It may seem that cinema and Mars aren’t in a particularly good relationship. First, we had some early 1910s-1920s productions that were more about pacifism and communism than space travel – let alone Mars. Then came the time of the cheesy and naive 1950s productions, and believe me, it won’t take them long to put a you smile on your face if you watch these oldies now. When – finally! – science fiction got some big budgets in the early 1980s, it didn’t help much either – the visuals got better, but the overall feeling often remained the same. However…
”Mission to Mars”, 2000.
…we terrans don’t surrender easily, do we? We are quite stubborn creatures. Most Mars movies were box office flops, but it never prevent us from trying again and again.
”Robinson Crusoe On Mars”, 1964.
99 years is a whole lot of time, and some beautiful films were shot, ranging from childish or gory production to some hyper-realistic and incredibly plausible stories.
Let’s go! Mars it waiting. Continue reading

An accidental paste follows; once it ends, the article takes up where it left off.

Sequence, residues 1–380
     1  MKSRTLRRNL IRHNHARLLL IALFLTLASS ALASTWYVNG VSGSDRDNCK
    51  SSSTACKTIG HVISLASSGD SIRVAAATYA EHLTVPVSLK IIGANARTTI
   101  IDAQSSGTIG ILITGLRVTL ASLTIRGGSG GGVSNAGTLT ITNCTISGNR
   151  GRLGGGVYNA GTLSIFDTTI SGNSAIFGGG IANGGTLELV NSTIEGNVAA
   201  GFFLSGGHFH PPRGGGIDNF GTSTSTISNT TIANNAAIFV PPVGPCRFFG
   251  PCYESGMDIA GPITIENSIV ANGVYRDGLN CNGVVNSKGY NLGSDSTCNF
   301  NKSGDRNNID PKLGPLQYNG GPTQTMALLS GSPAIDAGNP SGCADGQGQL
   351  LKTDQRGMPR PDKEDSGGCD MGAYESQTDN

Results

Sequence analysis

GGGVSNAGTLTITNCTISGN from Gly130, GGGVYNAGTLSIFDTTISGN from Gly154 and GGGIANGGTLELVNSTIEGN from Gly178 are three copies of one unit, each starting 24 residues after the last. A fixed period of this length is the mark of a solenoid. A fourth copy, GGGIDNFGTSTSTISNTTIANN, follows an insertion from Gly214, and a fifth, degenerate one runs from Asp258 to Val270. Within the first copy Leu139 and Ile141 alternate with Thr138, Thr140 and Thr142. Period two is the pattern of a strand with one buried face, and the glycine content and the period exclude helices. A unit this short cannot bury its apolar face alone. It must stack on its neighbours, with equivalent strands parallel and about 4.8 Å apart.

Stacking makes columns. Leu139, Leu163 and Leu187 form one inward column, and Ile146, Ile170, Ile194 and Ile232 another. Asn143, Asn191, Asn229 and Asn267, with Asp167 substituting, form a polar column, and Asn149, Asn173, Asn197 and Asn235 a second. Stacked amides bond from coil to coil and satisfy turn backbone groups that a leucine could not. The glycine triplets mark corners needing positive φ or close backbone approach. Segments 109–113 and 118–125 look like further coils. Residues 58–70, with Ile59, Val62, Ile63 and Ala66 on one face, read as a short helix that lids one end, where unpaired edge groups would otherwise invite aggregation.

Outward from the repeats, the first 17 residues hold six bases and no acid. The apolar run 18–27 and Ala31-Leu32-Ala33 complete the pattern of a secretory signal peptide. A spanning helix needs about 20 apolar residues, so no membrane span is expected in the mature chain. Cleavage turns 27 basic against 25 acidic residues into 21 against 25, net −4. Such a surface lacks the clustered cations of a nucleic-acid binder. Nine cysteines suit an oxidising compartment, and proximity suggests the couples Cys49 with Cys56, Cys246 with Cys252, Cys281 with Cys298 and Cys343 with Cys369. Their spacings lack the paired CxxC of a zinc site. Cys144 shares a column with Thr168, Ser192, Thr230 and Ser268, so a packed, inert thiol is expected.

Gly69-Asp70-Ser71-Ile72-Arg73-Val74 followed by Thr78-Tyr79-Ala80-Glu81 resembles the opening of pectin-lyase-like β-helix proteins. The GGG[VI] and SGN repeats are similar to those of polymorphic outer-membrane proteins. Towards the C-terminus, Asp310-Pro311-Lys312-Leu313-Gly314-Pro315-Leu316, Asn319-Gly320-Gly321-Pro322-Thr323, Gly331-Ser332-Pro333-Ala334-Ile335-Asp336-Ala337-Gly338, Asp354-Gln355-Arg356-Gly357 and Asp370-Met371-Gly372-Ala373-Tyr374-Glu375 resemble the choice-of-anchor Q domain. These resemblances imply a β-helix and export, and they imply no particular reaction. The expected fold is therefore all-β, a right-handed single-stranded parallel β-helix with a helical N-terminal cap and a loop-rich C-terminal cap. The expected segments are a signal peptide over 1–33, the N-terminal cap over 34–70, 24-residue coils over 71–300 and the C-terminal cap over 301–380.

”Reprinting is shady if you say the image is limited edition.”
Kevin Tong creates these masterpieces directly from his head. No scetches. Just a long meticilous mind planning…
“The Bride of Frankenstein”
Recently I’ve posted some awesome ”Robocop” posters… Kevin Tong was responsible for creating some of the most impressive of them, so I thought it would be interesting to share more of this Austin-based artist. Here’s an excerpt from his interview to Evil Tender:
– You have some awesome videos online that follow you through your process of creating your posters. Do you sketch heavily before you begin a piece? In the process video for the Mogwai poster it seems that you just begin by drawing, creating a perfectly designed poster from your head. Of course it is from your head, but is every element well plotted out before you start working in the final product?
– Sketching, I really dislike sketching. Usually I go straight to final. The idea percolates in my head for a long time. I like to think and rethink it, but never put anything to paper until I feel I’m ready to start. I try out lots of ideas in my mind and if I forget an idea, it’s not worth drawing. Eventually, through survival of the fittest, the entire image is formed in my mind, so i just start working. A lot of the thinking occurs when I’m driving somewhere, cooking, or hanging out. I’m told I look really upset when I’m thinking of ideas.
Here are some of the final results:
Here’s the creative process behind one poster…
And the illustrator himself…
Visit Kevin Tong’s website, ”Tragic Sunshine”. There are basically megatons of graphic awesomeness.